The owners of Belle, the bull mastiff we loved on for a couple weeks, are waiting, day by day, for the call. While they wait, they stay in a Marriott hotel. With special diet requirements requiring kitchen facilities to be available and an end date no human knows, they wait. If you have the ability, Marriott points and gift cards are a gift they would love to receive, covering the cost of their stay.
If you can help, click on over to my Facebook group and message me. I’ll get instructions to you just as soon as I get it.
A great article about it was written by a friend and fellow church member here.
I’m amazed my husband answers the phone when I call him at work any more.
He’s gotten some doozies. Topping the list would be when I called to tell him our gas lines had a leak somewhere between the tank outside and the water heater inside.
I’ve called with little things, like asking where his wrench set is. I always get the “Whyyyyyy?” when I ask for tools.
I’ve called to ask how to use the sander. I’ve called to tell him the van wouldn’t start. I’ve called to tell him I’ve gotten a flat tire – four hours away from home. I’ve called for directions because I was lost so many times I cannot begin to count. Dozens, I’m guessing.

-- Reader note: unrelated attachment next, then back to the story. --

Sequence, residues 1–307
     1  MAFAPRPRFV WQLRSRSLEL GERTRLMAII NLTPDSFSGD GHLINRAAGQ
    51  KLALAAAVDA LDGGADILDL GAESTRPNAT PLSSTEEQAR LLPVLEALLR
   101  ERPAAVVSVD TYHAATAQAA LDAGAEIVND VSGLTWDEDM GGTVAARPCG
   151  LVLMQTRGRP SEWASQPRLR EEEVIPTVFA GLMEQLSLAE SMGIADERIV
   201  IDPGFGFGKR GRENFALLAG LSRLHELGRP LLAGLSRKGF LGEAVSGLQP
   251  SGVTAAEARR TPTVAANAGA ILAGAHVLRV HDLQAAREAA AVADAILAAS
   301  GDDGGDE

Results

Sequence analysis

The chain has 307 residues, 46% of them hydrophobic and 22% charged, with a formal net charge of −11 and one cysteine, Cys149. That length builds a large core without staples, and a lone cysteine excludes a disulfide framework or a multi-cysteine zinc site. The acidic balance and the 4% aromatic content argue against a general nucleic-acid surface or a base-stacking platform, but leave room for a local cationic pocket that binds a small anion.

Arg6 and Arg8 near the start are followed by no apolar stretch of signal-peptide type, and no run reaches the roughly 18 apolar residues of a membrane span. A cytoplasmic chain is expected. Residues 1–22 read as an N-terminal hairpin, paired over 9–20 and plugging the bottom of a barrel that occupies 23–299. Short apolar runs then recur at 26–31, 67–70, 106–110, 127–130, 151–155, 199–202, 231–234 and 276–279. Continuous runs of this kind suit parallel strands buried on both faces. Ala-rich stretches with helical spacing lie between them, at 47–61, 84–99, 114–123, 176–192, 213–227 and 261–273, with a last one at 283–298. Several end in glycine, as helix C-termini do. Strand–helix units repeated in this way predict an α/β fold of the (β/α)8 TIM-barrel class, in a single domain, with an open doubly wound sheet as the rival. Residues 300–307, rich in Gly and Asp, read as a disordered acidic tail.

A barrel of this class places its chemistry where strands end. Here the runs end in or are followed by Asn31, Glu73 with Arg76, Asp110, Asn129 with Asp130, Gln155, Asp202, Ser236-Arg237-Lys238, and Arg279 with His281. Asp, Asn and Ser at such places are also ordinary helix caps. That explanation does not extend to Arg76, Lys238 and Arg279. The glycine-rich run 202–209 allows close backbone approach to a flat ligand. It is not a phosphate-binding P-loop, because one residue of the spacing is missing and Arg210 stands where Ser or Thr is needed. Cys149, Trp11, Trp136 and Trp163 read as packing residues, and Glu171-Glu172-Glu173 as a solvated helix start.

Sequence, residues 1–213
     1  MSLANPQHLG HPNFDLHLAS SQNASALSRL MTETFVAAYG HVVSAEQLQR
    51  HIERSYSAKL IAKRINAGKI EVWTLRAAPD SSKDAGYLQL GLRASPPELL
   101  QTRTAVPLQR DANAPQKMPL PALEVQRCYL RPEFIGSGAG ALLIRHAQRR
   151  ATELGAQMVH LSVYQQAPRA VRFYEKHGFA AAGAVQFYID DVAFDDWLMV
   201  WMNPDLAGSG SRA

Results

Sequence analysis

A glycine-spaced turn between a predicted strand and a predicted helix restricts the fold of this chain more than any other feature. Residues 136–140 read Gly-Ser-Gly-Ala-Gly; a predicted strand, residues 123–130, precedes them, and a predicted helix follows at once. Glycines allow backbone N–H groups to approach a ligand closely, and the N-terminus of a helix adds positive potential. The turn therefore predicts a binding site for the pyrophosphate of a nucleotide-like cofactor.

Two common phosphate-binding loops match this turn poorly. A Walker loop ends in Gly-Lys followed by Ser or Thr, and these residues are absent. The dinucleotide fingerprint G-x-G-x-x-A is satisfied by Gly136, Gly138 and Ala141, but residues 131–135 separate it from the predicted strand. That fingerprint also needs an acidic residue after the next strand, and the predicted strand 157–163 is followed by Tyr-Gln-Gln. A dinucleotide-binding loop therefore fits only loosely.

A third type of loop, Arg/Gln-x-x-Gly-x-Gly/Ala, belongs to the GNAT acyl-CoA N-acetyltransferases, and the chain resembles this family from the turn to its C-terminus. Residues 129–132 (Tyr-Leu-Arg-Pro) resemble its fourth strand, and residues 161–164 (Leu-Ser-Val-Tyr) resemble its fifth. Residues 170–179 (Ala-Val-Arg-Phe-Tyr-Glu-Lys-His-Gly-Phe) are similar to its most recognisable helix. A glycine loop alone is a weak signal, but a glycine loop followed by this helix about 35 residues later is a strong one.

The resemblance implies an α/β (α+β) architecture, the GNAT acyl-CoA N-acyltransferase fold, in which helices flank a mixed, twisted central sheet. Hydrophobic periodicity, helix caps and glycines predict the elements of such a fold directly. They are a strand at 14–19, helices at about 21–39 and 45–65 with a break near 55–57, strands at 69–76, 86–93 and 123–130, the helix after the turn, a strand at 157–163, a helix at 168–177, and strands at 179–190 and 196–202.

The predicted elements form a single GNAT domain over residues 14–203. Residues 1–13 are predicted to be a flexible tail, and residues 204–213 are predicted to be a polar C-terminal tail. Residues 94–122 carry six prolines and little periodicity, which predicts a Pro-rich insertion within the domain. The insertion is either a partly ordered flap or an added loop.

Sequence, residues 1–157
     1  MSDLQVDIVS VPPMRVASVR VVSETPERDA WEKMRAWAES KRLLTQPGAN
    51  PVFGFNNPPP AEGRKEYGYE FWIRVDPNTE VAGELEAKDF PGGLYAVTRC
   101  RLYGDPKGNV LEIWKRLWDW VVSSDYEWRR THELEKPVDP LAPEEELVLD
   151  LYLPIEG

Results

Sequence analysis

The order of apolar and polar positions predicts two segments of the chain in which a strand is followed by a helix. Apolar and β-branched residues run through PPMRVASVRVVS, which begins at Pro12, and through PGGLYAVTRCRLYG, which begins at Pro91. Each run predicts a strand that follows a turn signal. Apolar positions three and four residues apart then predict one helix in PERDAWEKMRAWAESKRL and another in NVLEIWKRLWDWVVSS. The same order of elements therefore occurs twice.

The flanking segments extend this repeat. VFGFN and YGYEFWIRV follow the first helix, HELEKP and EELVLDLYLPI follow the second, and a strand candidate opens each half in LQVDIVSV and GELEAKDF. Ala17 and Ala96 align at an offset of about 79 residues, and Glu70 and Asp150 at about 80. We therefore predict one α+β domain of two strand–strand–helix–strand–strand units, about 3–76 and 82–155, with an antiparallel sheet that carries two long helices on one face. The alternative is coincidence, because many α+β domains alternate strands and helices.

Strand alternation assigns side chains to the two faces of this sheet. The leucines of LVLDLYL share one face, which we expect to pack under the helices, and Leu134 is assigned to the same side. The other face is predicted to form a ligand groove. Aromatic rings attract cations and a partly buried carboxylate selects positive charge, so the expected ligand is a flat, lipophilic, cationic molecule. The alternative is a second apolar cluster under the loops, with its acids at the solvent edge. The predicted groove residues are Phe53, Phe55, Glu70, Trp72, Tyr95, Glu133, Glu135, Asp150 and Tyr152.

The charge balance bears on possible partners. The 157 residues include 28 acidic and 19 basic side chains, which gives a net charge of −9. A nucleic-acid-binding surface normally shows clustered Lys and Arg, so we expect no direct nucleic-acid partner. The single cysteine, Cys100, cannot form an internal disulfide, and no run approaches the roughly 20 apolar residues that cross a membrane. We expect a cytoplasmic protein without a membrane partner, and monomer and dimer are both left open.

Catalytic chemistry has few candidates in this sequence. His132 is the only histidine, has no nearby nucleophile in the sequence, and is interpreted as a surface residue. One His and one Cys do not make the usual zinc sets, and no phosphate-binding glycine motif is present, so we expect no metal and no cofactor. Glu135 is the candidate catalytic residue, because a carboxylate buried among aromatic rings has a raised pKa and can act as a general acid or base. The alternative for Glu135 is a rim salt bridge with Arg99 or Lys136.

I’ve called when I needed to put gas in the weed eater and didn’t know which to use. I called back when I couldn’t get it started. When he answered, I hear in the background, “Uh oh. She couldn’t get it started.” I’m so predictable. But tell me, why, when I get on the phone, can Blaine always fix it even from 10 miles away, when half and hour of trying on my own resulted in nothing but the need for yet another phone call?
Yesterday’s phone call was more of the same. I’d love to be so stinking self sufficient that I don’t need to bother him, but I’m failing. The lawn mower wouldn’t start. The conversation went something like this: “The lawn mower won’t start.”
“Is the blade on?”
“No. The key is turning hard and nothing happens. It’s like the part the key goes into is stuck.” I’m so technical. He often has to tell me to knock it off with the big words and use layman’s terms.
“Does it have gas?”
“Yes. I’ve tried everything.”
“Did you use the choke?”
“Again, everything. I even have a blister on the last knuckle of my first finger to prove how many times I turned that key.” Did you know that’s where the key hits? After trying to turn a key 100+ times, a blister forms. You learn something new every day.